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A Wall Street Tax
The nation is now considering cuts to Social Security that would take away a week’s grocery money from elderly women, many already living at the margins. They will join some of the nation’s children eating less, as 10 percent of U.S. households with children are “food insecure” during the year, according to government data. Last month the percentage of men in the workforce aged 45 to 54 reached its lowest point on record. Cuts to housing subsidies are expected to add 140,000 families to the ranks of the homeless next year, on top of the growing numbers of homeless young adults. Sharp increases in risk of heart attack linked to unemployment are now being reported, as well as rising numbers of suicide attempts tied to foreclosures. Nurses see more children with stress disorders normally associated with the adult population. Children, young adults, middle-aged Americans and the elderly are linked together in a downward spiral.
That’s why nurses helped organize the U.S. Robin Hood Tax Campaign, now with more than 140 endorsing organizations, and are supporting the “Inclusive Prosperity Act,” H.R. 1579, reintroduced by Rep. Keith Ellison (D-MN) last week, legislation that embodies Robin’s goals and principles.
The Ellison bill is a small sales tax on Wall Street trading—0.5 percent on stocks, 0.1 percent on bonds and .005 percent on derivatives and other trades. This financial transaction tax (FTT) could raise hundreds of billions of dollars in revenue in the U.S. each year, a feasible amount that can make a very real difference.
The new revenue would serve the entire nation, creating millions of new jobs by rebuilding infrastructure and transitioning to a cleaner environment, providing quality healthcare and schools; subsidies for housing, child care, student tuition assistance and to secure the social safety net. The measure also calls for stepped up funding for international efforts in HIV/AIDS treatment and research and to address climate change.
For millions of Americans the recovery promised after the bank bailout of 2008 simply never materialized. But prosperity did return to the financial institutions made whole with our tax dollars. For them, last year was the second best on record, behind 2006. “We are the richest nation in the history of the world – richer now than we’ve ever been,” wrote former Labor Secretary Robert Reich last month. “But an increasing share of that wealth is held by a smaller and smaller share of the population….” The 1 percent owns fully half the country’s stocks, bonds and mutual funds. The bottom 50 percent, in contrast, own just 0.5 percent of these investments. The tax falls on those who can well afford it.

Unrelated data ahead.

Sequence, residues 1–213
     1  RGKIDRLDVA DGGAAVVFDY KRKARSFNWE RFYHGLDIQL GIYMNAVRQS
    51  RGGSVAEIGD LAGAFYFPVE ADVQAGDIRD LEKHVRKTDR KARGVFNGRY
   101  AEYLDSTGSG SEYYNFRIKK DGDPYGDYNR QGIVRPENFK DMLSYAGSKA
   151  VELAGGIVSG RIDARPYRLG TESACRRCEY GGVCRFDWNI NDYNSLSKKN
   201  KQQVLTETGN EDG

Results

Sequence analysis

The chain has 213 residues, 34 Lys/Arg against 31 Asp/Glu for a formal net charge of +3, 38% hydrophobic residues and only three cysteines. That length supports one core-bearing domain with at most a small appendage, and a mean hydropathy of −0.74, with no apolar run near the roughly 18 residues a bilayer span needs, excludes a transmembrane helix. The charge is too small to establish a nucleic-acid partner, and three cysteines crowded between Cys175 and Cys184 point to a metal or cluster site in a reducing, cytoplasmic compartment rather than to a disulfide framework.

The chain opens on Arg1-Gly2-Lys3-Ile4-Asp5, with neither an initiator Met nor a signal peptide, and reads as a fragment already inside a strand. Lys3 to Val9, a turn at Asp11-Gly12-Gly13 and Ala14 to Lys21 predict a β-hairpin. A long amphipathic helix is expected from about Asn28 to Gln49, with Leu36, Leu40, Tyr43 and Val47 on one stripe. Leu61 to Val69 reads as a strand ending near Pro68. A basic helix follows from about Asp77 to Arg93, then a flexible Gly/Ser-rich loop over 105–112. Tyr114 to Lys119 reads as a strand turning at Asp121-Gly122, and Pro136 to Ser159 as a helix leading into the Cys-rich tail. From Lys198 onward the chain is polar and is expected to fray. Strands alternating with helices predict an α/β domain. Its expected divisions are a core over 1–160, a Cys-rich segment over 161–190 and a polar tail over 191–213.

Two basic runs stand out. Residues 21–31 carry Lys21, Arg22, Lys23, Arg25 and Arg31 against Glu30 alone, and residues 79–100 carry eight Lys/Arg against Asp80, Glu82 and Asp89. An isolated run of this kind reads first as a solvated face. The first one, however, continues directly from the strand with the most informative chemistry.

We all pay sales tax on shoes, school supplies and SUVs, but financial transactions remain untaxed. “Everyone shopping on Main Street today pays sales taxes when they buy things,” said University of Massachusetts-Amherst economist Robert Pollin. “It’s time for Wall Street traders to face up to similar obligations.” Pollin is one of the more than 1,000 economists who endorse an FTT, as do some of our nation’s leading business executives.
There are other very significant reasons to join Robin Hood in supporting H.R. 1579. The markets are dominated by high-frequency trading– some estimates put it as high as 70 percent of market activity. The new tax aims to put a brake on these trades, which have caused financial bubbles, market crashes and the sidelining of capital that ought to be put to productive uses. And the Ellison bill lowers costs in fuel and food, tied to speculation.
The Ellison bill protects average Americans, holding exchanges and brokers primarily responsible for paying the new sales tax, leaving sensible, long-term investors unaffected.
Economist Pollin and others underscore new revenue would serve to raise confidence in the economy overall and induce corporations to invest some of an estimated $2 trillion they are holding in their coffers, capital that would speed a national recovery.
The Ellison bill will add the U.S. to the ranks of nations already collecting financial transaction taxes. Twenty-three nations, and all the major exchanges outside the U.S., collect these taxes. (Americans trading abroad pay these taxes to the treasuries of other countries.) Next year, 11 European countries – France, Germany and Italy among them – will together institute an FTT. “There is now a historical opportunity for the international community to join forces,” wrote Philippe Douste-Blazy, Under-Secretary General of the UN this year. “The successful ‘Robin Hood Tax’ campaign shows that an FTT has enormous grassroots support around the world.”
The time is now for the U.S. to join these forces, support H.R. 1579 and let the national healing begin.
Deborah Burger, RN, is co-president of National Nurses United, the largest U.S. organization of nurses. NNU is a founding member of the U.S. Robin Hood Tax Campaign www.robinhhood.org.